And PwCI is in the grip of a different crisis, and possibly one that is even more severe than the one at Satyam: sources close to the audit firm say the reshuffle is primarily because the global parent is serious about reshaping the Indian unit. It did business worth Rs 800 crore last year, having audited about 140 firms, most of them large blue-chip companies. “A top-level meeting will be held in India this week with almost all senior partners joining. There are chances that some top partners will soon put in their papers and the company could actually exit its auditing business from India. This is PwC’s worst crisis,” the sources told TEHELKA, adding that current heads would be given new responsibilities.
For example, Dinesh Kanbar, PwCI tax head, could assume additional responsibilities. It was not immediately known whether Ramesh Rajan, the current India head, who has completed nearly two years in his position, would retainit. Each India CEO has a four year term. “Though PwCI is repeatedly saying the audits were conducted in accordance with applicable auditing standards and were supported by appropriate audit evidence, the auditors could have easily detected the claims of fictitious cash if they had run a simple check of the company’s bank accounts. Did they deliberately avoid that?” said the sources, adding the PwCI has a chequered past with Indian tax authorities, and that the company has twice admitted its mistakes in income and service tax evasions.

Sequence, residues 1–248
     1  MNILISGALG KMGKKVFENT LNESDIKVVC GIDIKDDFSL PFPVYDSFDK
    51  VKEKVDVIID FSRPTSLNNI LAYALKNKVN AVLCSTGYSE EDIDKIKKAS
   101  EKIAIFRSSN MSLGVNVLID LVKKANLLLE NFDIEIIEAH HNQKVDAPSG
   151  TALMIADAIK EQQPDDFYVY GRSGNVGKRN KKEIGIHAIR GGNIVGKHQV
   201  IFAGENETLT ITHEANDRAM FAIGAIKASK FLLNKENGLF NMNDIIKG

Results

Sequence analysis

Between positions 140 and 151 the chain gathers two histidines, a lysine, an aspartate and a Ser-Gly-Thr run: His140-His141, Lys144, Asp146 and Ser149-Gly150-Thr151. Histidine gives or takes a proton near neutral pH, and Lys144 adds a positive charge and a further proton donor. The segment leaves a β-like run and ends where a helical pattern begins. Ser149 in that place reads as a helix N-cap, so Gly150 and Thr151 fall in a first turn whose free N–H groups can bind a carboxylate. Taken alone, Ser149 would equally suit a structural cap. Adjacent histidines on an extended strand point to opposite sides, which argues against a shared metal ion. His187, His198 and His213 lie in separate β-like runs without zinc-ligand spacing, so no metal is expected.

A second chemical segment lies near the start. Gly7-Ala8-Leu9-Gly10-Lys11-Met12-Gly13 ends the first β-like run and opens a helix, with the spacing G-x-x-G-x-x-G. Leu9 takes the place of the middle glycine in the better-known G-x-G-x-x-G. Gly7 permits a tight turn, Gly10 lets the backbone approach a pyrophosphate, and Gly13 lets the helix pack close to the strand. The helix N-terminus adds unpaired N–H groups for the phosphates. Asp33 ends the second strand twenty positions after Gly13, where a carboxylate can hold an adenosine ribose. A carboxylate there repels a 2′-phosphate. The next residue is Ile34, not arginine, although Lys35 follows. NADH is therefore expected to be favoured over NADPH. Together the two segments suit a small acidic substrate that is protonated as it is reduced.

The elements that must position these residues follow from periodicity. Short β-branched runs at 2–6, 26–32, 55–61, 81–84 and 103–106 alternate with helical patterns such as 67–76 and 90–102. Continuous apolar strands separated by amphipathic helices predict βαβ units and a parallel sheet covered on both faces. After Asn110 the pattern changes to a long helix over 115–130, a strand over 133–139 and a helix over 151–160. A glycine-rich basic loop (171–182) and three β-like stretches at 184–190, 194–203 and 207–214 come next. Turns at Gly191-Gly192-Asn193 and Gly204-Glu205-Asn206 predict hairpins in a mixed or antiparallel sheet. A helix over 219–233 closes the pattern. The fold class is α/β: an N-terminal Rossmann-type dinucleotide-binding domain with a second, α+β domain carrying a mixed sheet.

IN FACT, PwCI had to settle the cases with both the departments after it admitted to the mistake and paid both the interest and penalty. The first case revolved around writing back of gratuity provision and not paying tax liable on it. The tax loss in this case was Rs 9.13 lakh. For the records, any expenditure towards providing for gratuity is allowed as tax deduction, but when the deducted amount was not utilised and written back, it had to be counted as income and therefore liable to be taxed.The audit firm did not enter the written back amount in the tax return for 2000- 01 and paid less tax. A 300 percent fine was imposed on the said amount and eventually the Appellate Tribunal lowered the penalty to 100 percent.